How can you talk about transgender as part of your life? There are hundreds of ways your transgender affects your life, and you can simply speak that. Talk to politicians about protecting TG rights, to store clerks about why you are buying what you do, to friends about your schedule, to lovers about your dreams, to children about your openness. It takes some effort to open up that closet that you have been taught to seal tight, but it is only by opening it up that you can start to share all of who you are with the world.

It is impossible to have a truly intimate relationship with another person if you feel forced to lie about who you are. For many transgendered people, the crushing blow to their relationships is not the transgender but the lack of intimacy and openness that comes from zealously keeping up the walls of secrecy we built out of shame. To open up is to become accessible, open to life.

It's not easy to talk about transgender as a normal part of your life until you really understand that it is a normal part of life. We come up with so many reasons not to tell people --we think we are protecting them, we are afraid of hurt, we just don't think it's their business -- but every one of these reasons sets us up for isolation and loneliness.

In this world, normative simply means conventional. Here, for example, we accept that eating eggs in the morning is normal, while in most countries around the world it is simply not done. The only way to redefine convention is to do it -- as we expand our horizons, work new muscles, the new ways become conventions, and become natural and normal.

Our challenge is to work the muscles of understanding, of believing that transgender is a normal part of life until we simply accept that truth. By doing that, we help others around us accept transgender as a normal part of life. Most people did not grow up with the great sensitivity to gender transgression that we did -- for example, it is primarily those who have been exposed to transgender who question people's birth sex when looking at people in the mall, as most people simply accept what they see.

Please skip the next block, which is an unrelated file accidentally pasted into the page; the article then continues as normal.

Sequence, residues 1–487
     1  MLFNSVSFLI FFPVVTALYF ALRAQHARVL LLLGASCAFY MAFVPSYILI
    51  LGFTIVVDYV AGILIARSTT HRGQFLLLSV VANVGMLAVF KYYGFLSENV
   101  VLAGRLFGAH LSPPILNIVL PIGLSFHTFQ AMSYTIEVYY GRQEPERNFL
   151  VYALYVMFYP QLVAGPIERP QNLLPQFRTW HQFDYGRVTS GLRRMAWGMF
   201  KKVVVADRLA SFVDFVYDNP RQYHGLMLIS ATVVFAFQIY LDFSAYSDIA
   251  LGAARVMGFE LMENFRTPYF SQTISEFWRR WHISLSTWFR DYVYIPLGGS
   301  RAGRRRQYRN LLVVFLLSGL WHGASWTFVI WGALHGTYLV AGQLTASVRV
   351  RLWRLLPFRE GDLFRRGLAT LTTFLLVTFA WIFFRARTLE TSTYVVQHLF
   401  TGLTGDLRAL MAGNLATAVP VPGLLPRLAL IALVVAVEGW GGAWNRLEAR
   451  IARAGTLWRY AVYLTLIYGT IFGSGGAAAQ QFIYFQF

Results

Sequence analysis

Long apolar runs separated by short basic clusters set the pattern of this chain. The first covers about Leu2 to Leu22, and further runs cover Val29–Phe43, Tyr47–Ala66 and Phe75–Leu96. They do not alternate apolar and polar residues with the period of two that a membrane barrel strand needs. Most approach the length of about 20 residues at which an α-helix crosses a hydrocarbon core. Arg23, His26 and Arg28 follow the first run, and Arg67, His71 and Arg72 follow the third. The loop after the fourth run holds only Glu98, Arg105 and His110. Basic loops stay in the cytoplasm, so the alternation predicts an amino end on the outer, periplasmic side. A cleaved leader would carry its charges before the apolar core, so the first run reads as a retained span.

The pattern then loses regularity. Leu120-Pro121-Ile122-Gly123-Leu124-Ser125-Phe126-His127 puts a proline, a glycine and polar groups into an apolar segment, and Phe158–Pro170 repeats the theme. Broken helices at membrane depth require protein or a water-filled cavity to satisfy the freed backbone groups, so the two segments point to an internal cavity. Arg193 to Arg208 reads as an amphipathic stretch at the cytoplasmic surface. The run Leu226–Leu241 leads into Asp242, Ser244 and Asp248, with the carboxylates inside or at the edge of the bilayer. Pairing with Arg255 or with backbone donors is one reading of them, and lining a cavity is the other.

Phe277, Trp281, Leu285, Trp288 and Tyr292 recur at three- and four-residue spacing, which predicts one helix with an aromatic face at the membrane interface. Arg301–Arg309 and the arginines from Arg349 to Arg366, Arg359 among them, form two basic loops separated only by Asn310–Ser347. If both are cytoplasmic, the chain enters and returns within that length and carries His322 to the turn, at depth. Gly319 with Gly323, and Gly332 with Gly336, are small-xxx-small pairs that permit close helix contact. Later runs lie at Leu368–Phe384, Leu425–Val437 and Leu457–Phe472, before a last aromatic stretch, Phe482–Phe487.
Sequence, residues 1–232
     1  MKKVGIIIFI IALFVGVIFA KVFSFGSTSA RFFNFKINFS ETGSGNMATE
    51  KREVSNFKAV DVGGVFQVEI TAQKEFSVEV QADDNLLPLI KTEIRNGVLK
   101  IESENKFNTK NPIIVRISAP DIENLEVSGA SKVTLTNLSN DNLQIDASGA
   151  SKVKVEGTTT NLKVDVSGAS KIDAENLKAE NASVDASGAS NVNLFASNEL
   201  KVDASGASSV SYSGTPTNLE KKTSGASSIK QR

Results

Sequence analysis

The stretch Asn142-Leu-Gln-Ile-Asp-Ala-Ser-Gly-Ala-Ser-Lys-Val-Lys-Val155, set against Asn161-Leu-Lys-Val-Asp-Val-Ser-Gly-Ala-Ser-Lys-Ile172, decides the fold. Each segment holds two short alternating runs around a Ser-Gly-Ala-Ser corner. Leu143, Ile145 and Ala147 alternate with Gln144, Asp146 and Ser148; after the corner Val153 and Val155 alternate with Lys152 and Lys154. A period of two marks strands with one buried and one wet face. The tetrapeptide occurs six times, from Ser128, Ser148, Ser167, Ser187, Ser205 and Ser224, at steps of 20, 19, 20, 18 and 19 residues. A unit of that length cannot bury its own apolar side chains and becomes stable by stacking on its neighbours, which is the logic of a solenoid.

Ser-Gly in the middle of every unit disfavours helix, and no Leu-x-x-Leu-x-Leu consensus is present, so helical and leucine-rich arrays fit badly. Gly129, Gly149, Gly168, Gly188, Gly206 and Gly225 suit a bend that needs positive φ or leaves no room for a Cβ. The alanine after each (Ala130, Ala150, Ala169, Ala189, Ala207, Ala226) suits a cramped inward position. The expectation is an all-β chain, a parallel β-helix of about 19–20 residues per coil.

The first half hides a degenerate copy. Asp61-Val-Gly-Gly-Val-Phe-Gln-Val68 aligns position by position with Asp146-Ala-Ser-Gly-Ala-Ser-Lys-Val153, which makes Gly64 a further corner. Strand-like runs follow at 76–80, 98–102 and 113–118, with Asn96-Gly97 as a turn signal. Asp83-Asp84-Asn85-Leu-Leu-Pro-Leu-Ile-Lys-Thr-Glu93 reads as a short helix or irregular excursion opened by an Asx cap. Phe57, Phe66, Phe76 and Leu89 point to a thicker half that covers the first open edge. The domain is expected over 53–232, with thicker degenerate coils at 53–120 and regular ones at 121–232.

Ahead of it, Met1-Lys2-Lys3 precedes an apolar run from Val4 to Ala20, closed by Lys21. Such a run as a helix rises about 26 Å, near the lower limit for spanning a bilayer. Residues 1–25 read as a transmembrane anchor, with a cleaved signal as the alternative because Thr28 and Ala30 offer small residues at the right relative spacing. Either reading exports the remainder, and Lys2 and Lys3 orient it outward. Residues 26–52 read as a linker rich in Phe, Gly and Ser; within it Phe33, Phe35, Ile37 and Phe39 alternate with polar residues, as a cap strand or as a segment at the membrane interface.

How do we talk about transgender? Like it's a normal part of our life, a normal part of how humans are and always have been. And the reason we do that is simple: because it is.


Interdependence Day '97

Copyright Callan Williams 07/04/97

"Liberty means responsibility. That is why most men dread it."
--George Bernard Shaw

On the fourth of July, we celebrate the declaration that started a revolution where Americans claimed liberty and freedom for all. We declared that all are created equal and have certain inalienable rights.

What is also true is that humans have certain inalienable responsibilities that go with those rights. One of the big debates of the revolution was if all people should have the right to vote, or only those in the aristocracy who had taken on the responsibility of owning property. There was a concern that giving rights to those who had not yet learned to be responsible, who had not yet learned to be effective stewards of their own life and property might not create a firm base for independence.

There is no freedom without responsibility, no choice without consequence. If we demand the freedom to light off firecrackers, we take the responsibility of not hurting ourselves. If we hurt ourselves, we have the responsibility to care for our own wounds, or we push that responsibility onto those around us, and in giving them that responsibility we also give them the power to influence our choices, to stop us from risk that they might have to deal with.

When we cede our responsibility for our actions, we also cede our freedom. To demand that others take care of us, help us, share with us is to give others a role in our lives. This is not a bad thing -- it is the premise that all tribes are based on, that we take on a responsibility to help each other when we need it. When we ask people to share the costs of our choices, we also agree to share the choices themselves, to put agreed upon limits on them. In many ways, the tribe is investing in you, and they have a vested interest in your success, a stake -- and a say -- in the choices you make.